> by policy framework processing... e.g. those behaviors that are engaged,
> configured, constrained by policy.
>
> Clearly, there is going to be behavior that is outside the domain of
> policy. That is not relevant
> to policy (though it may be relevant to interoperation, which I believe
> may be Dale's point).
>
> There may even be behavior that is subsequently documented by policy
> assertions that
> are unknown to an implementation at the time of its deployment. These too
> are out of
> scope of consideration of the policy framework processing as it relates to
> what is or is not applied in the
> context of an alternative that does not include such unknown assertions.
>
> Does that make things any clearer?
>
> Consider the following example
>
> client policy:
>
> <Policy>
>   <A/>
>   <B/>
>   <C wsp:Optional='true'/>
> </Policy>
>
> server policy:
>
> <Policy>
>   <A/>
>   <B/>
> </Policy>
>
> intersection would yield:
>
> <Policy>
>   <A/>
>   <B/>
>   <A/>
>   <B/>
> </Policy>
>
> Would you engage C anyway?
>
> It is our understanding that if you have an entity that engages C (from
> your previous example) when C is IN the
> alternative selected for interaction with the attached policy subject,
> that it would NOT engage
> that behavior when C is absent the alternative selected for interaction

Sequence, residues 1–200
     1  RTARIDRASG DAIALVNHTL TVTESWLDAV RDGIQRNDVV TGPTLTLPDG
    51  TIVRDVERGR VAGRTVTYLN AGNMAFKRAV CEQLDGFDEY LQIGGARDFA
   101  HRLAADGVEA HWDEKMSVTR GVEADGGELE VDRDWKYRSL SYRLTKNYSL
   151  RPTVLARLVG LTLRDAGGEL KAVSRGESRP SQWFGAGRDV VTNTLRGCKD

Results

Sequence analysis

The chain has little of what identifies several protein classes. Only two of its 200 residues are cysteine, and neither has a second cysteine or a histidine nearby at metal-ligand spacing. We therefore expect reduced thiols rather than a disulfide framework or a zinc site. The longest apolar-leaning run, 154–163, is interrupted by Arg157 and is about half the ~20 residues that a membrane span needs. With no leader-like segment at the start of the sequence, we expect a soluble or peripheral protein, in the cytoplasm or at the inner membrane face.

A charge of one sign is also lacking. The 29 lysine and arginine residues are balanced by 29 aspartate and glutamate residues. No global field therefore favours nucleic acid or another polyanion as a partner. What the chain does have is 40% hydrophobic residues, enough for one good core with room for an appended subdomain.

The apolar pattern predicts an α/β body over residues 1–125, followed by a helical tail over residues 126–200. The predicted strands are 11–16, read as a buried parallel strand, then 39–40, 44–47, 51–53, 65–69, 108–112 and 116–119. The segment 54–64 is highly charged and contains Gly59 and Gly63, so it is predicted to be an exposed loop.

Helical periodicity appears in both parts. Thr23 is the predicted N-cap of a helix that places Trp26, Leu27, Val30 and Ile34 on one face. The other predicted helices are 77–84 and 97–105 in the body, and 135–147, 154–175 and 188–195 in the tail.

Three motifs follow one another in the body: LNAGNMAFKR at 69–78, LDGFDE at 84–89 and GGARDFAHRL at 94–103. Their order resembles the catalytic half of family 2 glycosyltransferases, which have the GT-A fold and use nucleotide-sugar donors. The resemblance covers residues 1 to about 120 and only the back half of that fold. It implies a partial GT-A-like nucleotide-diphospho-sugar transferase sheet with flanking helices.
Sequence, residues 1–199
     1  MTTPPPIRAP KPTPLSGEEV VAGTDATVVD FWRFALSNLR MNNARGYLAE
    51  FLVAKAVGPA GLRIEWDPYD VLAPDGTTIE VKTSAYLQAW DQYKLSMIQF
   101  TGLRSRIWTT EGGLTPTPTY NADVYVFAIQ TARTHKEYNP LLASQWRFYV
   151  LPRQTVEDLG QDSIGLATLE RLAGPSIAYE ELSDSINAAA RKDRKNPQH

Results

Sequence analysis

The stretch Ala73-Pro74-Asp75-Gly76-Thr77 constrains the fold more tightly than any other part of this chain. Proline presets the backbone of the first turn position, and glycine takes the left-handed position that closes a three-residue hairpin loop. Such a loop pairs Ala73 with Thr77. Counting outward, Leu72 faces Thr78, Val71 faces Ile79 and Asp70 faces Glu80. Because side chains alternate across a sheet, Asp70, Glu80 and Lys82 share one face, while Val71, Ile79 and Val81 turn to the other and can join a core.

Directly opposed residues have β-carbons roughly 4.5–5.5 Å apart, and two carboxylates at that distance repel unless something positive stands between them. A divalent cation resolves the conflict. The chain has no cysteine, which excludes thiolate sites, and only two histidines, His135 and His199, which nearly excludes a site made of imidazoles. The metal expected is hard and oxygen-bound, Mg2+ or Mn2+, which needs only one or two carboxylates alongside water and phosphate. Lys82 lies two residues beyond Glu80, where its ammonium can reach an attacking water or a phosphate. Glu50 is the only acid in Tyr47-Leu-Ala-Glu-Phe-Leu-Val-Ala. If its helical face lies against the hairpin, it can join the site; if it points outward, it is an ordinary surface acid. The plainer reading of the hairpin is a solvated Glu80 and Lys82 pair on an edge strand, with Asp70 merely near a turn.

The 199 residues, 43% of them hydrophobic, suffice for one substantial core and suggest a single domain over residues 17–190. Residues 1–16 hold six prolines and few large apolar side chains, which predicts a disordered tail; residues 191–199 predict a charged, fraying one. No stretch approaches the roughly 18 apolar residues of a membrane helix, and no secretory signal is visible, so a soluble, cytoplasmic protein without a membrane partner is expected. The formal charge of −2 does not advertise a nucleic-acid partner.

> with the attached
> policy subject.
>
> Under the "makes no claims" regime, an implementation would be free to do
> C even though it were not in
> the intersected alternative, because the interpretation of that
> alternative (A, B, A, B) says nothing about whether
> C may or may not be applied.
>
> What is the point of performing intersection to determine the compatible
> alternative(s) if the implementation
> isn't going to bother to abide by the resulting policy to engage in the
> interaction?
>
> This may seem like it is drifting back towards the notion of policy
> vocabulary. But, the fact is that
> I think as you point out, you need to at least know what you know and
> behave in a consistent manner with
> regards to what the policy says and the behaviors you apply in the context
> of the interaction.
>
> The point of policy is to enable interoperation between Web services
> components. In order for it to be
> effective, there needs to be a shared understanding as to what the policy
> means and we need
> to have the respective endpoints behaving in a consistent manner relative
> to the policies that are
> used to determine the set of compatible alternatives from which to choose
> for purposes of interaction.
>
> Maryann and I have been noodling on language that tries to capture our
> intent better. So, rather than
> add the "No other behaviors are to be applied" language, we think that
> maybe if we added the following
> prose to section 4.5 Intersection, just before the algorithm is described,
> that that might clear up the confusion